The things we do for our guests. One of the things we wanted to do with Myra was go to an Italian wine tasting. Since we had been to the wonderful Agricola Fabbriche Palma twice before (once on our own and once with the Romans), we decided to go somewhere different. We chose Montefalco because it offers a different experience than the Chianti wineries. It’s in Umbria, a very underrated area that offers scenery to rival the best in Tuscany.
We set out on a picture perfect Italian day – clear, blue skies, warm temps, and views every way you look. We chose Antonelli Winery because Steve and I had been there once before and it is close to the town of Montefalco where we wanted to eat lunch. We arrived at about 11:00 am and started on our tasting of 10 wines. Yes, that’s right – 10 wines. Now, wine professionals don’t actually swallow the wine, so I’m told. They swirl, sniff, and swish it in their mouths only to spit it back out. That supposedly tells them what they need to know without actually swallowing. Well, we’re not wine professionals, although we rank in the top tier of wine magicians – making bottles of wine disappear. So we swallowed. To our credit, we only had a sip or two of each wine, dutifully dumping the remains out after we had graded it on our very sophisticated scale.
We sat on the brick terrace, overlooking vineyards, hill towns, and olive groves, on this fine Italian day and imagined our lives as winemakers. It was a good life we imagined for ourselves, working with nature to coax these grapes into this thing called wine. Bonding with the soil, anticipating the weather, worrying about pests – all to usher grapes from the ground to the bottles. The first part, the farming part, is largely out of your control. You are at the whim of nature, as anyone who’s ever grown a tomato knows. You nurture, prune, weed, protect, but you can’t control the conditions under which the grape grows. But after it’s harvested, you can control a great deal. Of course you have to know what you’re doing – how long in the stainless steel, how long in the oak, which grapes to blend to get the best taste. It was a great fantasy fueled by the wine that was made from grapes which grew all around us. Life was good.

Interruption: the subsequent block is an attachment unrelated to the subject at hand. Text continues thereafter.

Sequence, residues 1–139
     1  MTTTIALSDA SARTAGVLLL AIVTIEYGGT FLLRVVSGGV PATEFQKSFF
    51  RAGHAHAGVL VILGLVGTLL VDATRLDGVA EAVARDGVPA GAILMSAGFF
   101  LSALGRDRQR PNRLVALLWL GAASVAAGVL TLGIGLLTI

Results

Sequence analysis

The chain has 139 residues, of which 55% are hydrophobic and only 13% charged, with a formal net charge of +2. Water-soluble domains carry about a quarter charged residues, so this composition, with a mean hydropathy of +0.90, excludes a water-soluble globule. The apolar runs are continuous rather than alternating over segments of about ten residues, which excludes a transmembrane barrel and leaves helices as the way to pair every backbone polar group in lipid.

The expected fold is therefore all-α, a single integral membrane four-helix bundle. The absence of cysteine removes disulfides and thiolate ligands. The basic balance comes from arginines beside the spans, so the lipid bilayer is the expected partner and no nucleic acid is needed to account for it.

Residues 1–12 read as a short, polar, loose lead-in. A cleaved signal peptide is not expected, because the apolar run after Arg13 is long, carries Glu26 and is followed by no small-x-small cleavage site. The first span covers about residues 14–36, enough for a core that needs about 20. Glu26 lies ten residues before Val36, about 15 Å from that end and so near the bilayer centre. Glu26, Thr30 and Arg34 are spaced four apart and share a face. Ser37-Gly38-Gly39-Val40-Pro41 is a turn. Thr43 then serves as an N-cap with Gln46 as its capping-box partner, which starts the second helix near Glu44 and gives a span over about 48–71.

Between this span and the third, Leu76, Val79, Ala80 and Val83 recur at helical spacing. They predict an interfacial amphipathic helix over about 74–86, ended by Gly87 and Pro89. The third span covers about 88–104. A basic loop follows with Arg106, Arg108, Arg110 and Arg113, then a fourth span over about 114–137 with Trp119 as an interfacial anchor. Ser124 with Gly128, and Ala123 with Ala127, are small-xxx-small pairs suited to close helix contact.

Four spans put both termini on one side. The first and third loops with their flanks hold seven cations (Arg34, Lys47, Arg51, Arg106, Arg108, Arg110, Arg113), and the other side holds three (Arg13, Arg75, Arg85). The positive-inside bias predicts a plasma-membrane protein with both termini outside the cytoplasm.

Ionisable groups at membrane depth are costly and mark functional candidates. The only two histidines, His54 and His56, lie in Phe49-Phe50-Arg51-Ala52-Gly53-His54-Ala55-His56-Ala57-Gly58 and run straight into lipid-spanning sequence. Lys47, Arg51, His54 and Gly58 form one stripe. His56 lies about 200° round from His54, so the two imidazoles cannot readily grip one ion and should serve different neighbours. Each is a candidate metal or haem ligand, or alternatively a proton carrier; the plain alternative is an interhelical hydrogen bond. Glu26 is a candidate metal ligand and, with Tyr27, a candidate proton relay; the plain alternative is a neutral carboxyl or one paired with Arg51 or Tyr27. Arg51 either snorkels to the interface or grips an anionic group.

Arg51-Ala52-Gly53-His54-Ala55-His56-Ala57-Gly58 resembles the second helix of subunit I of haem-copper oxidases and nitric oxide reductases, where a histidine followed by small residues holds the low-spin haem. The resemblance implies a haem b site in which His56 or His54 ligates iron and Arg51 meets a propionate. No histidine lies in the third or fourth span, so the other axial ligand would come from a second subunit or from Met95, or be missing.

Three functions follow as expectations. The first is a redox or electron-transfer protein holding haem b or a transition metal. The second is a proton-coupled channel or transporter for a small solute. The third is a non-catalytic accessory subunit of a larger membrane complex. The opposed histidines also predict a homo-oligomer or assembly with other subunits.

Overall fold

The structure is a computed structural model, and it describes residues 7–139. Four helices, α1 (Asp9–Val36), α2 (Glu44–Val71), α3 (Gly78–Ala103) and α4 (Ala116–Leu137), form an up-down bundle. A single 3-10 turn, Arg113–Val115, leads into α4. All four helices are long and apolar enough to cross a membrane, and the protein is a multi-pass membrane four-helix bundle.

This restaurant has been on my list for a few months. I discovered it through my Slow Foods app and through Elizabeth Minchilli, a very well-respected and knowledgeable Italian travel and food guru. That’s the double whammy of recommendations for me. I had high hopes for this place.
L’Alchimista is on the main piazza in Montefalco, which is one of the best piazzas around, in my opinion. On this glorious May day, we sat on the piazza, shaded by huge umbrellas, and watched the business of Montefalco unfold around us.
Anyone who’s ever spent any time with Myra knows that one of her superpowers is manufacturing personal histories of strangers. She’ll look at the table next to her and spin a tale about where they are from, what they do, why they are there, and what their problems are. Sometimes she takes it a step further and gets up and goes over to the table to strike up a conversation to see just how close she was to reality. She did this during our lunch and filled in the backgrounds of an interesting couple with a large dog. Lunch with Myra is nothing if not entertaining.
The food here was everything I had hoped it would be. When you have high expectations, sometimes it’s hard for a place to live up. Maybe it was the 10 sips of wine I had already had, or the incredibly beautiful day, or the perfect setting on this magnificent piazza. Maybe it was all that and more. The food was wonderful and we had a great time being together and making up stories.
Back to Anghiari
Montefalco is about an hour and a half drive from Anghiari on my least favorite road of all time, the E45. We made our way (very carefully) back and retired to our terrace to stretch out and finish out our perfect day. We were very full from our lunch and mellow from our wine and happy to be able to have experienced such wonderfulness in one day. Sometimes life gives you so much joy that you can hardly process it. My advice? Joy shouldn’t be processed. Just let it wash over you and soothe you and make you very, very happy.